That was his way of saying when the rubber hits the road, also a popular saying in 1970, you don’t have time to think, just react. Do your thinking ahead of time. I’ve repeated that phrase often to star players like Derek Jeter, Alex Rodriguez and Jacob deGrom and they all love it.
It cuts through the B.S.
React. A coach can’t think for you, either. Be prepared, be ready and react.
For Sanchez through the years, each new coach works overtime feeding data and information to the catcher, working diligently with him, and Sanchez takes it in with the pitching staff. But it’s past time for the Yankees to just put the ball in Sanchez’ court and say, “Gary, prove to us you deserve to be the Yankees starting catcher.’’
This is not about having faith in Sanchez. I’ve been watching this movie since Joe Girardi had faith in Sanchez just like Boone now has faith in Sanchez. It’s about performance.
Now, it is possible the Yankees have overrated Sanchez from the beginning since he signed in 2009. He has not adjusted. He has shown himself to be a one trick home run pony in a stable full of such players these days.
Sanchez was one of the worst players in baseball this season and was by far the worst catcher I watched play on a daily basis. He hit .147 with 64 strikeouts and only 23 hits. Think about that for a second. I know the nerds don’t believe in batting average, but I still believe in batting average and .147 is hard to grasp.
And you still have a job, Gary?
You mean to tell me you hit .147 in the major leagues and you were not hurt, and you are still catching in the majors and not for the Pirates, but the mighty Yankees.
Wow, that’s impressive in a non-impressive way.
Yes, this was a bizarre short season, so save it, I don’t want to hear anything about small sample size, and it was not just this year.
Over the last three seasons Sanchez is batting .200 with a .296 on-base percentage and a .453 slugging percentage. That is Jake Gibbs territory, a .233 lifetime hitter, going back in Yankees history to 1970, my junior year in high school, and nothing against Jake Gibbs. Gibbs hit .301 in 1970, gathering 153 at bats that season, 25 fewer than Sanchez had this season.
The wake-up call should have come a long time ago for Sanchez, who will be 28 next season. It should not have waited until this past season. In the postseason the wake-up call was never louder than when ace Gerrit Cole moved on and Higashioka became Cole’s personal catcher.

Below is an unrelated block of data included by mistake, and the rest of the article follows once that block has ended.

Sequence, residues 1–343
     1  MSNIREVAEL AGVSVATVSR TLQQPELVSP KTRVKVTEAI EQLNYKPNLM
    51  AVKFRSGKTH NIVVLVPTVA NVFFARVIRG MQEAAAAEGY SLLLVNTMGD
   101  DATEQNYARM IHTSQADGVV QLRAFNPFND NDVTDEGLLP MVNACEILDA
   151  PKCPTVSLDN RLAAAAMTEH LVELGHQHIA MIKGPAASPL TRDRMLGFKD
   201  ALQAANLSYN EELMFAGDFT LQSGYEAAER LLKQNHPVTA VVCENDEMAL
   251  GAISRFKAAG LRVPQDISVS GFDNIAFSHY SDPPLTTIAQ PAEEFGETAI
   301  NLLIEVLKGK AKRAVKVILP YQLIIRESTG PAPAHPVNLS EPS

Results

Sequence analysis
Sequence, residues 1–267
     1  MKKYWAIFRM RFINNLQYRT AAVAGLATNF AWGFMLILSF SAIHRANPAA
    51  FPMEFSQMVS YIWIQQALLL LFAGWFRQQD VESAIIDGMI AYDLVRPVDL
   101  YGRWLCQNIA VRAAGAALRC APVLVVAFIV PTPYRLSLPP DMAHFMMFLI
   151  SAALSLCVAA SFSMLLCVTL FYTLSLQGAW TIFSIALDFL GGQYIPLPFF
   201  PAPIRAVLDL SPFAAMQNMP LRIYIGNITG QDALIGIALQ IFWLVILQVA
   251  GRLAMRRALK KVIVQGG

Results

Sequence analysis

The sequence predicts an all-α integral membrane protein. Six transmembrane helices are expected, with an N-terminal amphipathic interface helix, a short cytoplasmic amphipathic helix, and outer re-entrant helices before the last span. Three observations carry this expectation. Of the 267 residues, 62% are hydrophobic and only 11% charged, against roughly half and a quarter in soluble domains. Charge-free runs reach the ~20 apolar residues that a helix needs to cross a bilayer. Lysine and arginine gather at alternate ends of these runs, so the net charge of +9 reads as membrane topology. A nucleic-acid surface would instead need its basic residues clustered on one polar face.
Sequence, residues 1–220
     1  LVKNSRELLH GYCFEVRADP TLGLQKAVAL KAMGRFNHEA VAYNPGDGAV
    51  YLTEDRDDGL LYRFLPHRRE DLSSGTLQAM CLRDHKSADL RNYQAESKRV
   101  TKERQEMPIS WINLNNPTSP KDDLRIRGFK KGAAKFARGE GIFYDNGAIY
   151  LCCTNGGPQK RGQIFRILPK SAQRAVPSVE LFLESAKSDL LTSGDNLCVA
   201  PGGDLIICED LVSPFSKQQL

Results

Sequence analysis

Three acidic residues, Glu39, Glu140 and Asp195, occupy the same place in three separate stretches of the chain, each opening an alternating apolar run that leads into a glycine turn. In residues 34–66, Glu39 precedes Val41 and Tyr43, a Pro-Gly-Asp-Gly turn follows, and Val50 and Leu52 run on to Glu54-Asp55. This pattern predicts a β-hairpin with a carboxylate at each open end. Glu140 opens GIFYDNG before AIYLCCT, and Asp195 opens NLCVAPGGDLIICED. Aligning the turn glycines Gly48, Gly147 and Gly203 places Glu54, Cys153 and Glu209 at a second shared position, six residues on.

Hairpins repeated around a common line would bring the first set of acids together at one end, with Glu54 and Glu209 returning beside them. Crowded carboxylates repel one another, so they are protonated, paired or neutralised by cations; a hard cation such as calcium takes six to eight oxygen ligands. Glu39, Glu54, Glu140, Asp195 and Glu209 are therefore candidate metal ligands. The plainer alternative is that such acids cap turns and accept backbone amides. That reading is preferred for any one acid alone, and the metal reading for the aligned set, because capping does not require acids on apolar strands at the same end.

True, Cole and Higashioka have a longstanding relationship and it was smart for the Yankees to make that move as Higashioka became all the starters’ personal catcher in the postseason. Sanchez was benched.
By the way, in his postseason career, over 30 games so that is not such a small October sample, Sanchez’ batting average is .173. He owns 44 strikeouts in 110 at bats.
If that’s not a wake-up call, there is no hope for Sanchez in the Bronx. He’s in Winter Ball now and maybe Sanchez will face his shortcomings and became a true major leaguer again. He doesn’t have to be a star. Just be solid. That’s all teams want from their catchers nowadays. Be strong. Be solid. Be there for your pitchers.
The ‘give a shit’ factor has to improve as well. Sanchez needs to show improvement on his own and value calling and catching a game. In his defense, learning a new catching style is never easy and that’s what the Yankees tried to do this year. In spring training I remember talking to Sanchez about the changes and you could immediately tell he wasn’t fired up about the changes.
That experiment turned out to be one huge failure as the Yankees season mimicked Sanchez’ season and became one huge failure even though the Yankees finally went out and signed their ace in Cole for $324 million. That should have put them over the top, but it was an embarrassing regular short season for the Yankees with the Rays winning the AL East and then it became a humiliating postseason with the Yankees and all their money unable to get them back to the ALCS. Knocked out in the ALDS in five games by the Rays.
The Rays were an excellent team and should have forced a Game 7 in the World Series, but we all know what happened there as they tried to get too cute and it backfired on them as they took Blake Snell out of Game 6 when he was pitching a shutout after only 73 pitches. That’s the baseball world we live in now and with the recent hire of Tony La Russa, maybe managers should get back to a little more baseball and a little less of making it another calculus class.
Sanchez certainly needs a change of pace and if I were the Yankees I would not get rid of him this winter. I would give it one more shot but I also would make it clear this is it. Get the job done, make the most of your talents or we are moving in another direction.
The Braves showed how easy it is to improve your catching, just get an ex-Met like they did in Travis d’Arnaud.
D’Arnaud is a little bit like what I am talking about where less is more. Sanchez should follow the d’Arnaud mode. Always a tremendous prospect, d’Arnaud never put it together with the Mets mostly because of injuries.
But his head was not in the right place either. I remember when Mickey Callaway was going to have d’Arnaud rely more on his cheat-sheet nerd info packet on his wrist than having d’Arnaud calling the game. Make it more of a group effort and take the pressure off d’Arnaud but in the end that just seemed to frustrate d’Arnaud even more – and that defensive frustration crossed over to his offense.
The Mets got rid of d’Arnaud. They ran out of patience and he went to the Dodgers for a cup of coffee and wound up with the Rays, who smartly reunited d’Arnaud with his old hitting coach with the Blue Jays, Chad Mottola.
Mottola simplified everything for d’Arnaud, getting back to my point of paralysis by analysis. Suddenly d’Arnaud became a major offensive threat for the Rays. He turned that into a two-year, $16 million contract with the Braves and guided a young pitching staff to the NL East title and then had the Dodgers in a 3-1 hole in the NLCS, but it all fell apart.
Sanchez should be in the prime of his career, instead he has gone off the cliff with one of the worst seasons imaginable in the 60-game Covid year.
This is on Gary Sanchez and the Yankees need to tell him so. He needs to fix it in 2021. Less is more, Gary.
Either release the Kraken or the Kraken will be released.